Yoani Sanchez explains to readers of the Huffington Post how it is that having a moderately successful restaurant in Cuba is against the law.
The list of the “crimes” also contributed to my nausea: Selling “prohibited food” such as lobster and beef; having more than twelve seats in the restaurant; giving credit to the painters to eat there; becoming a patron of the arts; paying a huge electricity bill; having a lot of cash; and–what nerve–wanting to open a restaurant in Milan. As if it wouldn’t be much easier to authorize the sale of those creatures with antennae who live in our sea, to congratulate Juan Carlos for his work in promoting culture, and to allow each paladar to have whatever number of chairs and employees they decide. But no, to authorize all that would set off too strong a competition with the inefficient restaurants and cultural centers of the State. To admit that the Huron Azul would continue to progress would be to run the risk that one day its proprietor would want to found an art magazine or open a museum with his private collection.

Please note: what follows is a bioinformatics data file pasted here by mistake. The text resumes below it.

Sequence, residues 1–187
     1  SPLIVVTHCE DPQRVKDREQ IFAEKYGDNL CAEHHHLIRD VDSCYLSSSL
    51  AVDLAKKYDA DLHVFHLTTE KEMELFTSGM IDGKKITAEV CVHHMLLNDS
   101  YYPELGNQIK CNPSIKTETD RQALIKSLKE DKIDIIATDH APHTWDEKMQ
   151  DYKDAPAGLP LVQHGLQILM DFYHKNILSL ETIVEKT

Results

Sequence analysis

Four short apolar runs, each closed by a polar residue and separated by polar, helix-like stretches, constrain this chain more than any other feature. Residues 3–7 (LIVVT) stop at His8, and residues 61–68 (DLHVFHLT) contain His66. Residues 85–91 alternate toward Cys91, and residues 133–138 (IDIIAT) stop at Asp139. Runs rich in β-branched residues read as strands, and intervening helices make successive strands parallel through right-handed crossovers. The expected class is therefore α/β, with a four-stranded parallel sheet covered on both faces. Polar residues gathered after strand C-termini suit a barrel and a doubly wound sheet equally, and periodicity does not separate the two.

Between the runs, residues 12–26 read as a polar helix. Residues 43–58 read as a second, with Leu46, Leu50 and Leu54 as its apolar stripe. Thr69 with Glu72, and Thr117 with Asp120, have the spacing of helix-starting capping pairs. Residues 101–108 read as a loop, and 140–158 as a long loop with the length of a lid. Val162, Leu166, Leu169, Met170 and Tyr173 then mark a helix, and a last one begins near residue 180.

This is the absurdist version of Cuba today, worth of Albert Camus. But there’s nothing a couple of hundred thousand American tourists (in addition to the 2 million tourists from other countries visiting Cuba annually) can’t fix, right?